05 July 2024

Blaspheming other people and things than God.

BLASPHEME blæs'fim verb. Say something about God (or holy things) which isn’t true. Slander.
2. Speak irreverently about God or holy things. Sacrilege.
[Blasphemer blæs'fim.ər noun, blasphemous 'blæs.fə.məs adjective, blasphemy 'blæs.fə.mi noun.]

As you can see, in the definition I just used (which I also used in my article on the subject), blasphemy is slander or irreverence towards God or holy things. And for some Christians, they insist only God can be blasphemed, and not holy things:

  • Don’t speak ill of the LORD.
  • Don’t speak ill of the LORD’s name; if someone uses his name for other stuff, like the names of altars and churches, you wanna carefully distinguish between the thing named for the LORD and the LORD himself.
  • Don’t say evil things about the trinity.
  • Nothing against Jesus.
  • Especially nothing against the Holy Spirit, ’cause there’s no coming back from that one.
  • For Roman Catholics, who believe the elements of holy communion literally become Jesus during the ritual, blaspheming them counts as blaspheming Jesus, so don’t. (One particular famous Catholic comedian will make Jesus jokes… but weirdly, will never make fun of the Eucharist, ’cause somehow that crosses the line.)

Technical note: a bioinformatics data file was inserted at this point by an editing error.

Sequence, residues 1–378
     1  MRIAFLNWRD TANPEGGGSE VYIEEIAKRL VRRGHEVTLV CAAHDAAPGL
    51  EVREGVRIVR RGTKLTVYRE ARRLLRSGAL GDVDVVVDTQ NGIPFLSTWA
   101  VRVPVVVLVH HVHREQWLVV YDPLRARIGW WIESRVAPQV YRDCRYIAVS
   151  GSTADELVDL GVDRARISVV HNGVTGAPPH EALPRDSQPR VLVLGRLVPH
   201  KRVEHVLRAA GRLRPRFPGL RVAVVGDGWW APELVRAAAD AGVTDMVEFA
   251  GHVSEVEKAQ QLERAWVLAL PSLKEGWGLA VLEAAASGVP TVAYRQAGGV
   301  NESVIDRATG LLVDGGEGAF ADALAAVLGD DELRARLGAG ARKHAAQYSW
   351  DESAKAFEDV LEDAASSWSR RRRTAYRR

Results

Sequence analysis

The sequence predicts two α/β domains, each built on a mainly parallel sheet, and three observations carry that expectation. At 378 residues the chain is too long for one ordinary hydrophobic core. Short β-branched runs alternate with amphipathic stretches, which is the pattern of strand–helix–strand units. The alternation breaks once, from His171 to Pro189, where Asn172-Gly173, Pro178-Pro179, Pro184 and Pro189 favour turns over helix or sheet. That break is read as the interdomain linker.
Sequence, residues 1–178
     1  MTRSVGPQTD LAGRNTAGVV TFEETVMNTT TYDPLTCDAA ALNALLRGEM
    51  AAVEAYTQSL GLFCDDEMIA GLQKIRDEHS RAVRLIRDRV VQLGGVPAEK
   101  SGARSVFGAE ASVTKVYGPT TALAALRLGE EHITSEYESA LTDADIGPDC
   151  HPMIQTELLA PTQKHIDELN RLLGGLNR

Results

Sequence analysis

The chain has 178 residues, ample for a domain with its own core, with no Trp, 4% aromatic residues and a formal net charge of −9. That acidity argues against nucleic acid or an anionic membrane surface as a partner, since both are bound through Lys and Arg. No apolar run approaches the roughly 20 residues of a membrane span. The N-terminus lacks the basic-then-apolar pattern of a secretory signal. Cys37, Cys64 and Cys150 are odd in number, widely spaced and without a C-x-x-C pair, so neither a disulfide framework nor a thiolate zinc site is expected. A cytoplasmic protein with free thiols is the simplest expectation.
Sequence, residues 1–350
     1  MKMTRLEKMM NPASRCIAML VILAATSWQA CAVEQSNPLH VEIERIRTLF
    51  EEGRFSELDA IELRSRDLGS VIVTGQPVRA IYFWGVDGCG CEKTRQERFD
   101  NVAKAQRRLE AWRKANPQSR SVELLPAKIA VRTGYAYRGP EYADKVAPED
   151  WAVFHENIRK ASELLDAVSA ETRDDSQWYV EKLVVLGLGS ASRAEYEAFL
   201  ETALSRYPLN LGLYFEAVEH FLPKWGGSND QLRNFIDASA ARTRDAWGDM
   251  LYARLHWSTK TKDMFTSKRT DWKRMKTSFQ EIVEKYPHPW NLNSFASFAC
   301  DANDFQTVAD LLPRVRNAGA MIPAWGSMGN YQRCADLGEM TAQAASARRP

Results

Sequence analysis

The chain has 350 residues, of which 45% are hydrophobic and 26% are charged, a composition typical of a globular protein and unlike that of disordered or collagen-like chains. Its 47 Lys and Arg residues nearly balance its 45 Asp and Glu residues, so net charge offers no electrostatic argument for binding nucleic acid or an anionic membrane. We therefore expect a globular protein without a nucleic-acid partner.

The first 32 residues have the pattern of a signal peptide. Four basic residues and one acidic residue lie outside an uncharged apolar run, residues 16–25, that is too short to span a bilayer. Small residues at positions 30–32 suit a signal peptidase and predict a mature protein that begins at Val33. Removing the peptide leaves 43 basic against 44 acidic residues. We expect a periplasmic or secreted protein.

So don’t touch God; but these folks think it’s totally okay to blaspheme holy things, because they’re just things. They’re not God; they’re not divine; saying we can blaspheme them suggests they might be divine, but we worship nothing and no one but God. So you can’t blaspheme the holy bible, because we don’t worship the bible. (Or shouldn’t!)

Thing is… people kinda do have the ability to blaspheme the bible. If “blaspheme” means to slander, or speak irreverently about, of course there are people who slander and speak irreverently about bible. Antichrists do it all the time. When they say the bible’s a bunch of bunk, and claim it was written by delusional prophets, how isn’t that slander and irreverence? In other words, blasphemy?

Thing is, the people who insist only God can be blasphemed, wanna limit the use of the word “blasphemy” to God. When you’re slandering the bible, “slander” is fine. When you’re slandering God, “blasphemy” is the appropriate word. Because slandering God is a much bigger deal than slandering his prophets and apostles. One indicates the damaged relationship we have with God; the other just indicates we lack reverence for holy things and people. And a damaged relationship with God is obviously the bigger deal.